What Other Factors Can Raise a Domestic Violence Charge from a Misdemeanor to a Felony?
Interviewer: If it’s a first offense, what determines if it’s going to be charged as a felony or a misdemeanor?
Attorney Churak: Assault-family violence, such as hitting or pushing an individual, is a Class A misdemeanor, so it’s subject to up to a year in jail and a $4,000 fine. If you have previously been convicted of a family violence case, and it doesn’t have to necessarily be the same individual, it can be an ex-girlfriend, a totally different individual but you have a prior conviction, it becomes a felony, state jail felony, which is up to 2 years in state jail.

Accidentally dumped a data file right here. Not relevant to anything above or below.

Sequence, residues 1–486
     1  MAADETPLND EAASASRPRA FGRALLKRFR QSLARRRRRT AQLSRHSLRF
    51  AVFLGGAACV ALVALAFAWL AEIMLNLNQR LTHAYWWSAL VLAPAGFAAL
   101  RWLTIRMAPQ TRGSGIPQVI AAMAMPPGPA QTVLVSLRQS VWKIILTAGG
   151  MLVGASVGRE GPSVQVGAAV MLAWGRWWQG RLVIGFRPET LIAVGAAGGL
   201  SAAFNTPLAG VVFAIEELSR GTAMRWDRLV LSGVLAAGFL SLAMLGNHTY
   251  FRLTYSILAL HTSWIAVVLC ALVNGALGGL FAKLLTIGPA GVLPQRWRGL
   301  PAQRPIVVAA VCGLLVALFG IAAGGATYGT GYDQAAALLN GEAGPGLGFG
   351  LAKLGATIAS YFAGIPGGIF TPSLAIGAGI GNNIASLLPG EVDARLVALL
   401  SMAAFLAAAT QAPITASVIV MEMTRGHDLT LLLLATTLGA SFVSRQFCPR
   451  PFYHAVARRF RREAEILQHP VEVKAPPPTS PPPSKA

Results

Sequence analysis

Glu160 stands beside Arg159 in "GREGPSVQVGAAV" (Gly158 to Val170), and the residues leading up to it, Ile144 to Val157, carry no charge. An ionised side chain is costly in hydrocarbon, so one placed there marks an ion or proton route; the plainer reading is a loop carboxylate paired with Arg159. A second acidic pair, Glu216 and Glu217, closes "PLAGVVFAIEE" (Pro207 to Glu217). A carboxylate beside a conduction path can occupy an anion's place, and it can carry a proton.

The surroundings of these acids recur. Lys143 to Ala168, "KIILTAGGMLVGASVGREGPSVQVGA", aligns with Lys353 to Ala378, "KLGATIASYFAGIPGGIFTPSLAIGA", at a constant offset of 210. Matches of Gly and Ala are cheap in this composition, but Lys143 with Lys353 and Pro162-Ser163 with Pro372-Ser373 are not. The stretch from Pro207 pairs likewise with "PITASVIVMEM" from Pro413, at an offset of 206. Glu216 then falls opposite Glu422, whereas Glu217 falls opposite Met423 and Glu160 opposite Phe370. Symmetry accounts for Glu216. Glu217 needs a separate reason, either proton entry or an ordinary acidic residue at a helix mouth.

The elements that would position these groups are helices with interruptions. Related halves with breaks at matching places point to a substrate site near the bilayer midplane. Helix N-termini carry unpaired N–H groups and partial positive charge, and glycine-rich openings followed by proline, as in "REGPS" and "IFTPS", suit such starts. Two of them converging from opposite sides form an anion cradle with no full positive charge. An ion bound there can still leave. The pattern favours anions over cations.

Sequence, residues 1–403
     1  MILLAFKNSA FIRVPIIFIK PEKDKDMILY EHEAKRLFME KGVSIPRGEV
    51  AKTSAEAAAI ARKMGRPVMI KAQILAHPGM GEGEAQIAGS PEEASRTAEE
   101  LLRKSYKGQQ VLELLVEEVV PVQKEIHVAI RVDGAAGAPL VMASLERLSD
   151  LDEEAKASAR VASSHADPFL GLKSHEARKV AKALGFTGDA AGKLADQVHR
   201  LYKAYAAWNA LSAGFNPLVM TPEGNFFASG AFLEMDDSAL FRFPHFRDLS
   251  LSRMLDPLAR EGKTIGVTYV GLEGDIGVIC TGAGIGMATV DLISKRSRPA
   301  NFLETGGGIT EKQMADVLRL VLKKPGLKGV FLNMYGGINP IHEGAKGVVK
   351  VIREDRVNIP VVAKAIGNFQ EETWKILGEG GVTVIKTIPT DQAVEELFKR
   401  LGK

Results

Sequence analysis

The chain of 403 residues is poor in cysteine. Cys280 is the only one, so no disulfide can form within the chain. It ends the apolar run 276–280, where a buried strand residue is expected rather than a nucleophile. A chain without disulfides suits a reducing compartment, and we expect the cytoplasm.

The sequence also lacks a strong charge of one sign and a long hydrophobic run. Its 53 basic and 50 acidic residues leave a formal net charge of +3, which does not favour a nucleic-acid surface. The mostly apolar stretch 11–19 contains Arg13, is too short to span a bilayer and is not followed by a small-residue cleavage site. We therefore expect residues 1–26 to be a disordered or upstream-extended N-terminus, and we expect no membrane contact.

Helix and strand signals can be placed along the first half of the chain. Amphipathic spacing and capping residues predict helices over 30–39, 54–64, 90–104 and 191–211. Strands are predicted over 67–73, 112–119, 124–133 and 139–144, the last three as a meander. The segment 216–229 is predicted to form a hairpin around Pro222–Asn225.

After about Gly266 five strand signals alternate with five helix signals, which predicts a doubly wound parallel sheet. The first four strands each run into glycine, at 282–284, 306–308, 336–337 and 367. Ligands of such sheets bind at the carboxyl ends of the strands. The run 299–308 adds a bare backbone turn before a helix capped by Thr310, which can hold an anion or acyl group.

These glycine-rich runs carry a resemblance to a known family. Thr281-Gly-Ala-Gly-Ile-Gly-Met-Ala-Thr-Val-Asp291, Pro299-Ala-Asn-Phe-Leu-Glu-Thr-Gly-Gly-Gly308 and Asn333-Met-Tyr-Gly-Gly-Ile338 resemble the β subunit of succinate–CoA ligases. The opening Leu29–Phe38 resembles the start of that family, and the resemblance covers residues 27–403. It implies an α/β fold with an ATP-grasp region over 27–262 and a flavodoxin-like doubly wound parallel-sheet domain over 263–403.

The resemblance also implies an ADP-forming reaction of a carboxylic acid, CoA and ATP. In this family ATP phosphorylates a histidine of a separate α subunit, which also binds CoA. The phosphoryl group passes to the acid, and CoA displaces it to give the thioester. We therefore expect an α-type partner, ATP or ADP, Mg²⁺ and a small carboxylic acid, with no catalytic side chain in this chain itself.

Attempting to Choke another Individual Is Charged as a Third Degree Felony and Is Subject to between 2 to 10 Years in Prison
If it’s alleged that you choked the individual, in other words, put your hands around the individual’s neck, then it becomes a third degree felony and at that point in time, you’re looking at up to 2 to 10 years in prison. So the stakes go up even higher if there’s an allegation of choking.
Inflicting Serious Injury, Such as Broken Bones Can Result in a Charge of Assault-Serious Bodily Injury, Which Is a Second Degree Felony
Inflicting serious bodily injury on an individual, for example, if there were broken bones, upgrades the charge to assault-serious bodily injury which is a second degree felony. But the totality of the injuries has to comprise more than just a couple of bumps and bruises. There has to be some broken bones, such as a shattered eye socket or a broken nose, something like that.